Mexican Labor, Border Conditions and Peonage

From David Montejano, Anglos and Mexicans in the Making of Texas, 1836-1986, ch. 4, “Race, Labor, and the Frontier.” 76-79

On the Mexican Frontier.

For several decades after annexation, life along the border continued in much the same way as before. Even as the American mercantile elite displaced Mexican rancheros and money-poor landed elite from their land, the life of landless Mexicans, the peones and the vaqueros, remained generally unaffected. The cattle hacienda remained the dominant social and economic institution of the border region, and the work relations that linked Anglo patrón and Mexican worker remained paternalistic and patriarchal. The development of a cattle industry required no fundamental changes in traditional labor relations. The longevity of the hacienda as a social institution was due [77] to its resiliency: finding a market, it would respond and produce; lacking one, it would turn inward and become self-sustaining.[2]

Beyond the ranch economy, however, Anglo and European pioneers who wished to experiment with such money crops as cotton or cane were severely limited by the scarcity of day laborers. Mexican workers were viewed as unreliable because many still owned small tracts of land and worked only to supplement their meager incomes. Mexican rancheros devoted themselves to cultivating corn, the most important subsistence crop in their diet.. Once subsistence needs were met, Mexican rancheros turned to raising cattle, which was more profitable than farming. The Abbé Domenech never could understand how a ranchero of the lower border lived, for he labours little or none; the very shadow of labor overpowers him, and he comprehends not activity, save in pleasures. The wonderment was largely rhetorical, however, for the abbé provided the answer to his own question. The ranchero‘s work in tending to herds of oxen, horses, goats, and sheep required very little labor, and therefore does he like it so much.[3] Thus, few Mexicans were willing to pick cotton or cut cane.

On the other hand, the masterless, ex-peón population present in Texas may have refused to have anything to do with plantation labor. These ex-peones were not just those left behind by the refugee elite of Texas, but comprised also those who fled peonage in northern Mexico. Escape to Texas at times reached such critical proportions that cotton cultivation in the neighboring state of Tamaulipas was threatened. The possibility of escape weakened debt peonage on the Mexican side, much as it had weakened American slavery on the American side. During the fifteen-year period (1845-1860) between the Mexican War and the American Civil War, the Texas-Mexican border was the boundary sought by both escaping Mexican peones and black slaves. The boundary was also the working zone for slave and peon catchers.[4]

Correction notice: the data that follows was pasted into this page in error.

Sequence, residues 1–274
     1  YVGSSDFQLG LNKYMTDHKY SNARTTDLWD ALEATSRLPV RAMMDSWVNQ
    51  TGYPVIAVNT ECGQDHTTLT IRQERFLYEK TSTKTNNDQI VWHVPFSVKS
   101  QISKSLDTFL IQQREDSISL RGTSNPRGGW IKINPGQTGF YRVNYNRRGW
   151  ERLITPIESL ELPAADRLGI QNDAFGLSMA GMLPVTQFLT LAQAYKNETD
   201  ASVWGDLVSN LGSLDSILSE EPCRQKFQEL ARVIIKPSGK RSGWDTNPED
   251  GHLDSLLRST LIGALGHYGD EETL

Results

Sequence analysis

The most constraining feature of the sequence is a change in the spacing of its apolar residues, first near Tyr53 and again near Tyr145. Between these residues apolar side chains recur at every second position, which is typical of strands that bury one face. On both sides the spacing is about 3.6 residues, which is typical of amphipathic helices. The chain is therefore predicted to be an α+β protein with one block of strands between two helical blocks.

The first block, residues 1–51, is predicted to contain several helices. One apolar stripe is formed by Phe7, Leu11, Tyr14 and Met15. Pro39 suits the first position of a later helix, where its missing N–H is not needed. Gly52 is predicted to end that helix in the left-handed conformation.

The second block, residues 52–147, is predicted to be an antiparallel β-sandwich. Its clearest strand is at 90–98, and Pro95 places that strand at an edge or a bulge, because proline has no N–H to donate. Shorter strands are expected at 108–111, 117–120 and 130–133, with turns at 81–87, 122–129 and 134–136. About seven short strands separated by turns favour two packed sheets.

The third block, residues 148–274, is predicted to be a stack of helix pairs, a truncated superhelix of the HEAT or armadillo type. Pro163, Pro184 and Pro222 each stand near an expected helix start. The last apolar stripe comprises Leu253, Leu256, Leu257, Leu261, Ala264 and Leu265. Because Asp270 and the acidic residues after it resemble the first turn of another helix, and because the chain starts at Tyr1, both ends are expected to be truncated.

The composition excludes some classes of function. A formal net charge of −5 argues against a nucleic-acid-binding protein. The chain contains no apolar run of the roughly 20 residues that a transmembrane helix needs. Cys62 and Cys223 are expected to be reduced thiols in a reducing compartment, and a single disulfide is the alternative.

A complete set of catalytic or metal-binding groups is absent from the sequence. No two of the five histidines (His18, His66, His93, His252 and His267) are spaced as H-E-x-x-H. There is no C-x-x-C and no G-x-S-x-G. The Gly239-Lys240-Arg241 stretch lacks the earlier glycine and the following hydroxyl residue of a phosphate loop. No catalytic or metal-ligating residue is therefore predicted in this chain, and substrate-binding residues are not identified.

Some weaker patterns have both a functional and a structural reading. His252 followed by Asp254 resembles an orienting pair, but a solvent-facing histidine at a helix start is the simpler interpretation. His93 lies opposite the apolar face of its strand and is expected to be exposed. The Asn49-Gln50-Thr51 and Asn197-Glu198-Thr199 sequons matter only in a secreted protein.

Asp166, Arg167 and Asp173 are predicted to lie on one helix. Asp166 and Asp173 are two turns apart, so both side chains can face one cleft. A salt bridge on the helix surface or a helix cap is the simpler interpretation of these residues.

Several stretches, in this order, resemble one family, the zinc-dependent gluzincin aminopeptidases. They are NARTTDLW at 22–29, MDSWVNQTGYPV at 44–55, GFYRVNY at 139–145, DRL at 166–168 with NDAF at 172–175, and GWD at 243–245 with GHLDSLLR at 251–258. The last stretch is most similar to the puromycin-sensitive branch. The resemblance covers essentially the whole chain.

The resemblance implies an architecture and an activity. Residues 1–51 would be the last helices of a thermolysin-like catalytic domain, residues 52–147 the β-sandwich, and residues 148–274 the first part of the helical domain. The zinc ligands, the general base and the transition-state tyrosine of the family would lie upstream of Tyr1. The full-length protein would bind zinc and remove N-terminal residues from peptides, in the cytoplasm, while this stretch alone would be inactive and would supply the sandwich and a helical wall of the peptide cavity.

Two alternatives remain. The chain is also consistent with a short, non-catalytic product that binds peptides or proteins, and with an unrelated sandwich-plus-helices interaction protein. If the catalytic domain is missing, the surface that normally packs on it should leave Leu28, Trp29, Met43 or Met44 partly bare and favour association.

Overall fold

Given these circumstances, far less cotton was cultivated in the Lower Rio Grande Valley in the decade after the Mexican War than in the preceding period under Mexican rule. American expansionist interests, as historian Graf noted, argued that the Mexican laborer was unreliable because he was accustomed to compulsory labor in his own country if he did not have his own little piece of ground. Large-scale planting was impossible because under the free labor conditions of Texas Mexicans worked only to satisfy their needs, which were few. According to this reasoning, there were two ways in which a permanent labor supply could be secured in the Lower Valley: (a) if [78] the United States controlled both sides of the Rio Grande, black slave labor could be introduced with safety and large-scale plantations begun, or (b) if there was a peón law for western Texas, local authorities would have the power to compel the Mexicans to work and <q>thereby ensure the farmer a steady labor supply, as well as reduce vagrancy.[5] The Civil War, which followed shortly after these proposals were offered, made these questions moot.

[…] While Mexicans proved reluctant to perform farm labor, work on [79] the ranches continued to be meditated [sic] by the old practice of debt peonage. Although peonage was formally illegal, most men and women on Texas ranches nevertheless looked to a patrón to provide them with the necessities of life, to give them work, to pay them wages, and, finally, to donate a jacal and provisions when they grew too old. In return there was a loyalty to the ranch and its owners that acknowledged and repaid a patrón‘s sense of noblesse oblige.[8]

Bibliographical References:

Graf, LeRoy P. “The Economic History of the Lower Rio Grande Valley, 1820-1875.” 2 vols. Ph.D. dissertation, Harvard University, 1942.

 

  1. [2]Enrique Semo, Historia del capitalismo en México: Los orígenes, 1521-1763.
  2. [3]Domenech, Missionary Adventures, pp. 254-256; Robert Edgar Riegel, The Story of the Western Railroads, pp. 7-8; Graf, “Economic History,” pp. 439-445.
  3. [4]Friedrich Katz, “Labor Conditions on Haciendas in Porfirian Mexico: Some Trends and Tendencies,” Hispanic American Historical Review 54, no. 1 (February 1974): 32-33; Wilkinson, Laredo, p. 238; Mexico, Report; Cazneau, Eagle Pass, pp. 59, 80-81, 94-96; J.D. Thompson, Vaqueros.
  4. [5]Graf, “Economic History,” pp. 449-450.
  5. [8]Wilkinson, Laredo, p. 237